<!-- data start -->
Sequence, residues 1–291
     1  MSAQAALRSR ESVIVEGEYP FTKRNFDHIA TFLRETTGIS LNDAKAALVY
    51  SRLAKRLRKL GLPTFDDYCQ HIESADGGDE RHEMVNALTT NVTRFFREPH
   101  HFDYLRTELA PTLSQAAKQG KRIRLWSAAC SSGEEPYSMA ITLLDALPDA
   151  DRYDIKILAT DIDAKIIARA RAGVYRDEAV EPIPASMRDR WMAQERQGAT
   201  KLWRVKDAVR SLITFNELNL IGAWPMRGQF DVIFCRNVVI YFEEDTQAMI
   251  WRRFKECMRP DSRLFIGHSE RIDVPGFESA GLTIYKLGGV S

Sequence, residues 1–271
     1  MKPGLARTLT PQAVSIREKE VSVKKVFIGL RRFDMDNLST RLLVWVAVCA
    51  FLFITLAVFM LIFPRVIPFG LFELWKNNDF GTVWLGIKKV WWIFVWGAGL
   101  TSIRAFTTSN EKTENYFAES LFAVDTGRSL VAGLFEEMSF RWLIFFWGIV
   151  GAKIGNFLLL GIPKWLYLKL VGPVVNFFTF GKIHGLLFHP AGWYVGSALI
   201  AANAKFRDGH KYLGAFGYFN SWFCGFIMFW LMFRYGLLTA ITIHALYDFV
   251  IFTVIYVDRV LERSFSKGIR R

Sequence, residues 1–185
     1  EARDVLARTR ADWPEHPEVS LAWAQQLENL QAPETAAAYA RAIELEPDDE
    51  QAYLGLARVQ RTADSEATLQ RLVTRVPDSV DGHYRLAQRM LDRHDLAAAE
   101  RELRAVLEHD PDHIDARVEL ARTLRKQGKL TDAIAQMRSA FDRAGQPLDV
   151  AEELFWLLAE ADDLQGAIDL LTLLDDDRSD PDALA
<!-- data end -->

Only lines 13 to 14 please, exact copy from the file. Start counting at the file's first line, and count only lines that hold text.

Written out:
   201  AANAKFRDGH KYLGAFGYFN SWFCGFIMFW LMFRYGLLTA ITIHALYDFV
   251  IFTVIYVDRV LERSFSKGIR R